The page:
Kristen Wiig's lived-in and alive performance grounds this fantastic drama based on an Alice Munro short story.
I would just like to say, right here and now, that I don't see anything funny about shots of a lot of squad cars crashing in an intersection. There, I feel better. I know that puts me in the minority. Judging by hundreds of movies I've seen, everybody in Hollywood thinks it is absolutely hilarious to show police cars crashing, skidding, running off the road, hurtling from bridges, slamming into trucks, overturning, and otherwise being destroyed during chase scenes. I guess I just don't get the joke.
Take "Trapped in Paradise," for example. This movie is dead in the water even without any squad cars; it fights a tendency to come to a dead halt every five minutes. But the squad cars don't help. There's a scene where several squad cars are chasing three crooks in a horse-drawn sleigh. Why is this supposed to be funny? Why? Why? Why? The movie takes place in the hamlet of Paradise, Pa., which, small as it is, has a limitless number of disposable squad cars, so that it never runs out. To be fair, the sheriff also sends some cars, which are also destroyed, crashed, or run off the road. Everybody gets in the act.
I knew the movie was in trouble by about the second scene.
The first scene had Nicolas Cage in it, which was a hopeful sign. He learns that his two brothers are about to get out of prison on parole. Then we cut to their parole hearing, where one brother, played by Jon Lovitz, is imitating a pterodactyl: "I shall take wing and fly high above my problems - awkkkk! awkkkkk!" The other brother, played by Dana Carvey, speaks in a high-pitched, twerpy squeak, and I knew it was going to be a very short time before I grew very tired of it.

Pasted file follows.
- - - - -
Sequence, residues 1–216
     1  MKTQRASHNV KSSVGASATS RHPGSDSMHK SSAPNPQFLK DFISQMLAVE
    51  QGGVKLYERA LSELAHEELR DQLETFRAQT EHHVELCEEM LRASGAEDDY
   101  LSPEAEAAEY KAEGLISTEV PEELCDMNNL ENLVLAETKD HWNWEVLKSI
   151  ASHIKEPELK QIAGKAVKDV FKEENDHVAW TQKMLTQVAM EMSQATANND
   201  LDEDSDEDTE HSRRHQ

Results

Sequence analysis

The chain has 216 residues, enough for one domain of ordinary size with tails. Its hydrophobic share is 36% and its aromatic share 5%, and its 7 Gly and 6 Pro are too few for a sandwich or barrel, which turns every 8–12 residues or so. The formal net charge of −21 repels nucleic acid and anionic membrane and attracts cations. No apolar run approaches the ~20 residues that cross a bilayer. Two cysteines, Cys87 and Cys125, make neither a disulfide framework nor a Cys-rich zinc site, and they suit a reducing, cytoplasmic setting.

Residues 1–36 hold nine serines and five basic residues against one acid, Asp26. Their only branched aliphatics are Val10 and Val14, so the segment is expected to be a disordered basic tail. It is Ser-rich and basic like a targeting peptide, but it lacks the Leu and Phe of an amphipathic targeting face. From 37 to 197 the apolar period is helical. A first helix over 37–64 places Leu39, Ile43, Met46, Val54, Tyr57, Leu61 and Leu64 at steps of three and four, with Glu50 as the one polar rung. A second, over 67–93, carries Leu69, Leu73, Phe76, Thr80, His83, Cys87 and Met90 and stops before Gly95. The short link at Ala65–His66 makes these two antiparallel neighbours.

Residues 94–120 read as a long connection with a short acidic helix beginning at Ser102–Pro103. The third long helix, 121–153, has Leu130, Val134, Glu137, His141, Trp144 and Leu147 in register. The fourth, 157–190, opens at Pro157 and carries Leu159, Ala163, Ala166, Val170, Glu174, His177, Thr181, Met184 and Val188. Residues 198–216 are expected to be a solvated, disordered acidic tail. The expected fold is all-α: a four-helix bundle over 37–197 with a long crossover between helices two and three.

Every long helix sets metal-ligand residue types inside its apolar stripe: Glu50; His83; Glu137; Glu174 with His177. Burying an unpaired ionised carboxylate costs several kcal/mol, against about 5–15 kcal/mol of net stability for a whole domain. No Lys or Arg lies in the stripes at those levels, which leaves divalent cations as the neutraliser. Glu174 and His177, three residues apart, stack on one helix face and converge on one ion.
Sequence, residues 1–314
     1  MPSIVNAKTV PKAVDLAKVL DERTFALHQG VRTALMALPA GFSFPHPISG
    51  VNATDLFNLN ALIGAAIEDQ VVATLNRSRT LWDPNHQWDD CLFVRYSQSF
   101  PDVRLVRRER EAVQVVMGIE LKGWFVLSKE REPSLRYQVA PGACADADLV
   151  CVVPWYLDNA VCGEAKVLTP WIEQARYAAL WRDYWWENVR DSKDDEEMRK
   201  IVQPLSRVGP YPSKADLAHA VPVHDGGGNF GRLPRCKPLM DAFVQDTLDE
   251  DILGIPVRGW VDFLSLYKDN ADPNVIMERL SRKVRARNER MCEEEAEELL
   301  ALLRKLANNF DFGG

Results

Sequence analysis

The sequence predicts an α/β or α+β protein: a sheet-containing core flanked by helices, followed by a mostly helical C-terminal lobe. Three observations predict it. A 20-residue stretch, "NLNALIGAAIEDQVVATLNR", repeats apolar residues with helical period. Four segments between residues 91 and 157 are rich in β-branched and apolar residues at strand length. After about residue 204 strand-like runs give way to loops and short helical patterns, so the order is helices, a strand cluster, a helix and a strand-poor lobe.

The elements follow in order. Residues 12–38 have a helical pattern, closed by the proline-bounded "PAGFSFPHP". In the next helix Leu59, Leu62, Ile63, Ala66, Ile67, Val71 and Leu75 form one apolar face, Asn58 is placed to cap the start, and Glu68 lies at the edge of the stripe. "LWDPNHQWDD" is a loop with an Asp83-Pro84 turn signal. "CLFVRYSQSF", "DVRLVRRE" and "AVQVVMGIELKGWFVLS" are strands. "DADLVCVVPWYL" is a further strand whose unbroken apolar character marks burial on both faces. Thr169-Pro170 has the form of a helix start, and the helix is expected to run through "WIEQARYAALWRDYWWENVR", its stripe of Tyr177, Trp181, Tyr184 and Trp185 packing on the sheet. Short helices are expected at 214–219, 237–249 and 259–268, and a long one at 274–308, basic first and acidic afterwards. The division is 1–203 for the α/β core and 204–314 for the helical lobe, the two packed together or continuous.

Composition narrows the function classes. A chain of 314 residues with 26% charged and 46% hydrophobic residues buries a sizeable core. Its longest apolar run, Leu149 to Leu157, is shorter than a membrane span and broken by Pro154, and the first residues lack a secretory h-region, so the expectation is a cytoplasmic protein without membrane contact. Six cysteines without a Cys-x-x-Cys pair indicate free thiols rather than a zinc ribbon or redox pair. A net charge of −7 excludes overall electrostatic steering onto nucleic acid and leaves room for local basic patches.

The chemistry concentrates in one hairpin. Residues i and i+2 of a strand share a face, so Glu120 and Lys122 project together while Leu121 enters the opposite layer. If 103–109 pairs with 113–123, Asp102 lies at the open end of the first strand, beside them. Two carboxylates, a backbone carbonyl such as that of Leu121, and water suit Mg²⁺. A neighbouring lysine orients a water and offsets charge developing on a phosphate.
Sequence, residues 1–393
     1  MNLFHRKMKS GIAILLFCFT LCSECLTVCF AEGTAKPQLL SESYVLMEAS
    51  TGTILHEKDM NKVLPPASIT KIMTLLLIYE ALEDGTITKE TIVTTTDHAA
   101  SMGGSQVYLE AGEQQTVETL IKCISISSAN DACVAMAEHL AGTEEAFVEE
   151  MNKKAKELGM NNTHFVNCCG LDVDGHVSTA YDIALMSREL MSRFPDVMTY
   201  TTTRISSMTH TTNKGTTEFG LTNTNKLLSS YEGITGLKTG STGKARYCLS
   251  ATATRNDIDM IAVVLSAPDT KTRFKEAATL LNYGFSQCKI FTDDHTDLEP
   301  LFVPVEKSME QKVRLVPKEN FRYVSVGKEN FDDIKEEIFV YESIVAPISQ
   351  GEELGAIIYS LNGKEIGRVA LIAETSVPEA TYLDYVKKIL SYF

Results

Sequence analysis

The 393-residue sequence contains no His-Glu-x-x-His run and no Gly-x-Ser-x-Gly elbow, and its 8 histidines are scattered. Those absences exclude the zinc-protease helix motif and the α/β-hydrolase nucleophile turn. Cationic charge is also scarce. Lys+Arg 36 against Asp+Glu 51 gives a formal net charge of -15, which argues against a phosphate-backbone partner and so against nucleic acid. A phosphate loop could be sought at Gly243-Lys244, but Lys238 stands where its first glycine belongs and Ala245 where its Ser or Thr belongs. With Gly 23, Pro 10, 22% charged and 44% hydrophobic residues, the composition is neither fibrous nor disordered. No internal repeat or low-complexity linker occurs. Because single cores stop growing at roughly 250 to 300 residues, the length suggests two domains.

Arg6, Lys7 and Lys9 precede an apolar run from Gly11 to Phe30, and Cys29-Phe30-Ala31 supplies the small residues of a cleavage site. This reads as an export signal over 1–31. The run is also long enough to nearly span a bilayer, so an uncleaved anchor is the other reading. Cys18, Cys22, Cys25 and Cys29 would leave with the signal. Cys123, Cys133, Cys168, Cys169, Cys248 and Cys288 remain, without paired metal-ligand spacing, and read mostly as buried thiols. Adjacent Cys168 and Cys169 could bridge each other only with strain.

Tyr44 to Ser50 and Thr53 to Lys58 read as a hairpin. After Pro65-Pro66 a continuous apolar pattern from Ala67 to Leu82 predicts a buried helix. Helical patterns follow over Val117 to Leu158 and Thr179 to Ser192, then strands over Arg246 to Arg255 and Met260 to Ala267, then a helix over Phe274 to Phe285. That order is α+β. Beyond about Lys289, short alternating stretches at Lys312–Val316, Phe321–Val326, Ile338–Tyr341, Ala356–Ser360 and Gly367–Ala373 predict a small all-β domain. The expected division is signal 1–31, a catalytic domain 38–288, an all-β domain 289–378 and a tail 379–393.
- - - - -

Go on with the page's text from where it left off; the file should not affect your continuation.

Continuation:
The brothers are released, and trick Cage into joining them in robbing the bank in Paradise. The plot thickens. Hell, it congeals. It involves two other cons in prison, who are mad that somebody else robbed the bank they had their eyes on. And it also involves two idiots who run the local general store, and are deputy sheriffs. So when there's a chase scene, the movie can cut back and forth between two cars containing two stupes apiece. Ho, ho.
Paradise is such a small and trusting town that one of the thieves can escort the bank president's wife out of the bank and into a car, while wearing a ski mask and dark glasses and carrying a shotgun, and no one notices him. Perhaps the police are all occupied giving lube jobs to their vast fleet of squad cars. It is also such a small town that after the brothers run their car off the road, they are rescued by a member of the bank president's family, and end up having Christmas Eve dinner at his house, and being given sweaters with reindeers on them.
The movie of course eventually betrays a heart of gold, as Cage falls for the bank teller (Madchen Amick) whose dad is one of the two cons, and the bank president (Donald Moffat) spreads peace and good will, which is not all that gets spread in this movie.
Listen. You want to see a comedy about a nice family that ends up playing host to criminals on Christmas Eve? Rent "The Ref," which came out earlier this year and is now in video stores. My rating, three stars. As for "Trapped in Paradise," it should be preserved by the Library of Congress, as an example of creative desperation. It plays like a documentary about a group of actors forced to perform in a screenplay that contains not one single laugh, or moment of wit, or flash of intelligence, or reason for being.
The recent #CancelColbert campaign on Twitter raises all kinds of issues about racism, but also about hashtag activism.
Scott Jordan Harris argues that disabled characters should not be played by able-bodied actors.
Owen Gleiberman's sacking as lead film critic of Entertainment Weekly — part of a ritual bloodletting of staffers at ...
The most important thing Roger Ebert taught me.